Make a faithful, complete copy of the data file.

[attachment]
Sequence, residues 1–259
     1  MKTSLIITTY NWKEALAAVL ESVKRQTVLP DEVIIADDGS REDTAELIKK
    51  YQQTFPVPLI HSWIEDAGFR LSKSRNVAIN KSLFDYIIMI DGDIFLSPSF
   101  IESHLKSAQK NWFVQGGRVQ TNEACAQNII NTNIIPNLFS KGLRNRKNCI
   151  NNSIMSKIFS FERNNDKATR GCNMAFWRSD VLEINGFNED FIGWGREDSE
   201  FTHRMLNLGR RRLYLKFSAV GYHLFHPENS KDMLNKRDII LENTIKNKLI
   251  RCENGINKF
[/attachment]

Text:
Sequence, residues 1–259
     1  MKTSLIITTY NWKEALAAVL ESVKRQTVLP DEVIIADDGS REDTAELIKK
    51  YQQTFPVPLI HSWIEDAGFR LSKSRNVAIN KSLFDYIIMI DGDIFLSPSF
   101  IESHLKSAQK NWFVQGGRVQ TNEACAQNII NTNIIPNLFS KGLRNRKNCI
   151  NNSIMSKIFS FERNNDKATR GCNMAFWRSD VLEINGFNED FIGWGREDSE
   201  FTHRMLNLGR RRLYLKFSAV GYHLFHPENS KDMLNKRDII LENTIKNKLI
   251  RCENGINKF